French connection

It is undeniable that before Manish Arora hit Paris 10 years ago, there was nothing about Indian fashion that an international audience could really relate to. Before 2007, we had no global design identity compared to the signature aesthetics of designers from London, Paris, Milan, New York and Tokyo. But when Arora debuted in the world’s fashion capital a mere decade after launching his label, he made everybody sit up and take notice. Within the year, he had Kate Moss on the cover of Interview magazine wearing his elaborate studded mask, and Raquel Zimmermann fronted V Magazine in an embellished, appliquéd Manish Arora dress.

Since then the spry 45-year-old designer has not only garnered more magazine covers than he cares to count, but has become a regular and eagerly awaited name at Paris Fashion Week (PFW). He has also forged unique global collaborations with brands like Reebok, M.A.C, Disney, Swatch, and most recently, Swarovski. “My work lends itself to many kinds of expressions, not just clothes,” he says. In fact, he was the subject of a 2010 case study by the Indian Institute of Management (IIM) Bangalore. “Beware, trespassers will be collaborated,” reads the last line of the document.

There is an enduring universality to his work that has translated into international success that no other Indian designer has achieved, yet. His carousel dress from Spring 2009, worn by Katy Perry, has become iconic, as has his butterfly dress from Fall 2009. In 2007, just before he started showing in Paris, he was part of the Victoria &Albert Museum’s Fashion in Motion show held in London. And in March this year, he celebrated his 10th anniversary at PFW with a show at the Grand Palais.

“I haven’t had the time to even think about it,” says Arora when I ask him to look back on this glittering decade. But you know it’s a lie. Today, his retail network spans over 80 outlets worldwide, not including his flagship stores in Delhi and Paris, and the one dedicated to his Indian by Manish Arora line—produced in collaboration with traditional-wear behemoth Biba—in Mumbai. He was invited to meet Queen Elizabeth II in London earlier this year, and was knighted as a Chevalier de la Legion D’Honneur by the French government last year. He even plans to open three stores in China by the end of this year. This doesn’t happen to a person who’s not constantly thinking about his work—and I tell him as much.

“Yes, that’s true,” he admits. “Not many people know this, because I have this image, you see, of partying and staying up late—but I wake up between 6.30 to 7am, and I am at work before anyone else…by 8.30 or 9. I like to get my work done—and I don’t like working till late.” This, he says, was one of the best lessons he learnt in Paris. Apart from that, he says that showing in the French capital taught him how to plan a collection to suit his various markets in China, Japan and the Middle-East. “When I started showing internationally, was when I became disciplined,” he says.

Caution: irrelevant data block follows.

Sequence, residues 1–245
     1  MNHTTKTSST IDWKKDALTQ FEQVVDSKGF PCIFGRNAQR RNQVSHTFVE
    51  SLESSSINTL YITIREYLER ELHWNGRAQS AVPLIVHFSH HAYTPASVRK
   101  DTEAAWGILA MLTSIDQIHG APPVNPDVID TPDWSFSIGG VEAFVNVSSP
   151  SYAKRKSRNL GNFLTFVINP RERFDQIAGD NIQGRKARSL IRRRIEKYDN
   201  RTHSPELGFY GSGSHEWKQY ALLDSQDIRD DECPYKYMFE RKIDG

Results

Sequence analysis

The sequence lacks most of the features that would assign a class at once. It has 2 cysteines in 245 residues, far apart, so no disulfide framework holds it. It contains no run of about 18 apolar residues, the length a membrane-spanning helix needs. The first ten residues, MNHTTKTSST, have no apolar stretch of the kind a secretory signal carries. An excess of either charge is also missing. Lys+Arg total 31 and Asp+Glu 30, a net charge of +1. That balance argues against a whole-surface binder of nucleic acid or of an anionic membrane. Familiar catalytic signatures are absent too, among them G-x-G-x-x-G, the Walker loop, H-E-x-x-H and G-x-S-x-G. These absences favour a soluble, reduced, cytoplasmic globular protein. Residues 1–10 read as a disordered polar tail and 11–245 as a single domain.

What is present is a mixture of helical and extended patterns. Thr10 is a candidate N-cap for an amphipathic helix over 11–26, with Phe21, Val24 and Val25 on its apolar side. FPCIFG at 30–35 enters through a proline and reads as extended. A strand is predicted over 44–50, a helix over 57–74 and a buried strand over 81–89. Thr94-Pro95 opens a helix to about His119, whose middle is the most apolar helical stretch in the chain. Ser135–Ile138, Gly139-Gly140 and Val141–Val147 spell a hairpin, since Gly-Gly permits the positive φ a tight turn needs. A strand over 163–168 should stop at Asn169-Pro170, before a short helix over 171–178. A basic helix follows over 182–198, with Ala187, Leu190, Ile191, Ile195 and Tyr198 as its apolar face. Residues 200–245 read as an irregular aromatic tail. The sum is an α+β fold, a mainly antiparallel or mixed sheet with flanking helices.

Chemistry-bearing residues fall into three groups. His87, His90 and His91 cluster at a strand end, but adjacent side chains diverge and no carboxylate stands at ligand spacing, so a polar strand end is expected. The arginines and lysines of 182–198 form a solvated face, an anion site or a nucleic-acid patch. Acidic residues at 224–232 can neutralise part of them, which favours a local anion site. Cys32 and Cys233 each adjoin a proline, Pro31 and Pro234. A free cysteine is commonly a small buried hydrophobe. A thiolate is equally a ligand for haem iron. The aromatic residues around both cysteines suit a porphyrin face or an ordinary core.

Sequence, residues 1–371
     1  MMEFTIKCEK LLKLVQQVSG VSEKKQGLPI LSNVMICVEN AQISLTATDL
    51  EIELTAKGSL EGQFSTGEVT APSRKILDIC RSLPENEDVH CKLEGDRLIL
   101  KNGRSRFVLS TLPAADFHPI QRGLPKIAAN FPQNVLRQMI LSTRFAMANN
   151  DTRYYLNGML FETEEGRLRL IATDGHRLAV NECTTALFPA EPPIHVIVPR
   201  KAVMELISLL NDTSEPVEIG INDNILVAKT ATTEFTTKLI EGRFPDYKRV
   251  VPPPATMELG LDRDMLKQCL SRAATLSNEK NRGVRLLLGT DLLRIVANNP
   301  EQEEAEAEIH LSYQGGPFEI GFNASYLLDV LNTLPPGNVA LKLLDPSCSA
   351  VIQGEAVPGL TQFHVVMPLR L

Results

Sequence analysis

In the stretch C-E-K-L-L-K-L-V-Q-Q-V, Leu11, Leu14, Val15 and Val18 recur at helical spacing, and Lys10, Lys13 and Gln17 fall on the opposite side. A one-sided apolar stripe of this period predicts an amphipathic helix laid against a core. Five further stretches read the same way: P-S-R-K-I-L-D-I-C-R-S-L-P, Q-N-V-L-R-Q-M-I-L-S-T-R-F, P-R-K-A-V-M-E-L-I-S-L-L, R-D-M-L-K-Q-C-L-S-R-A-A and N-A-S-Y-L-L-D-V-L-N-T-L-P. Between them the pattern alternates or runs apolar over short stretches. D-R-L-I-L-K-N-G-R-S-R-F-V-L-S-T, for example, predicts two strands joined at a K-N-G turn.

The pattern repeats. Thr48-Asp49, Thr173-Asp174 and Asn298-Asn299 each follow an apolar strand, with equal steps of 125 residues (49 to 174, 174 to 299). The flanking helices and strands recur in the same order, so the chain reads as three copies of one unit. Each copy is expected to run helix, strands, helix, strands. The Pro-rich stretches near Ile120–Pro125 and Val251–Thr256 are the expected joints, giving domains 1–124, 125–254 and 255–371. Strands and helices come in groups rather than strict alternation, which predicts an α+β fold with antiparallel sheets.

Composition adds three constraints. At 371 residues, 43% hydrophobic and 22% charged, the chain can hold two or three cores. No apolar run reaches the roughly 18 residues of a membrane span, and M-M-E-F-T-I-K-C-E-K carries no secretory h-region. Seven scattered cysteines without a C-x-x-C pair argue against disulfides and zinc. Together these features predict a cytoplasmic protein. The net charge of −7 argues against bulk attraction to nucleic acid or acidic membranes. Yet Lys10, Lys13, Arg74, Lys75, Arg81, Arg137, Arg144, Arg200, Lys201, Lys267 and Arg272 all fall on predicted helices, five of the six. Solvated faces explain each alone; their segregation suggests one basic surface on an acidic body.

Today, that discipline plays a leading part in the designer’s life. “Before I went to London [he showed in the British capital from 2005 to 2007] and Paris, I thought being a designer was all about becoming a successful rockstar, partying, and going to work late. Not anymore.” He credits his stint as creative director of the legendary label Paco Rabanne, which lasted from 2011 to 2012, as a turning point. It was there that he discovered the workings of a great fashion house, and brought that learning to bear on his own workplace. “I learnt that being a designer is a job, just like being a lawyer or a doctor. You have responsibilities and deadlines, and people depend on you.”

On the PFW calendar, Arora’s show is usually sandwiched between established names like Balenciaga, Chloé, Balmain, Carven, Rick Owens and Isabel Marant, each distinctive by their design aesthetic. That Arora stands out even from this august crowd is a testament not only to his ingenuity, but also the committed way in which he celebrates the craftsmanship of his home country. “In India, we have the world’s best textiles and embellishments. Nobody can do these better than us. And it’s my mission to use these techniques in a modern way—to make them more accessible to a global fashion consumer,” he says.

To that end, he is now working actively to #BringBackKashmiriSilk, a project he unveiled on his Instagram on Independence Day. “The younger generation, my friends’ fashion-conscious cool kids who will become the style setters of the future, don’t know what a kani shawl is. It’s too obscure and traditional for them,” he says. “I want to play with the motifs and colours and make it easy for them to wear our textiles and embellishments.”

Arora has also announced the launch of his first perfume in partnership with UK-based Designer Parfums. Named Ready to Love by Manish Arora, it’s set to hit stores next year. “I have more energy than ever before, and there’s lots to do,” he says. If he keeps going at this rate, just imagine what the next 10 years will bring. 

Photographs: Farrokh Chothia Styling: Gautam Kalra 

Hair and makeup: Luna Lakhar Dutt ( Kalyani Chawla, Mithu Sen, Ameet Sikka and Namrata Joshipura) makeup: Kajee Rai ( Noyonika Chatterjee, Sapna Kumar, Aparna Chandra, Sonam Kalra), Kiran (Koel Purie, Nandita Basu, Priya Paul and Payal Pratap); hair: Karna Rai, Amee Thomas and Dablu Kumar; assisted by: Kaveri Sharma and Garima Gupta (styling); location courtesy: The Leela Palace, New Delhi

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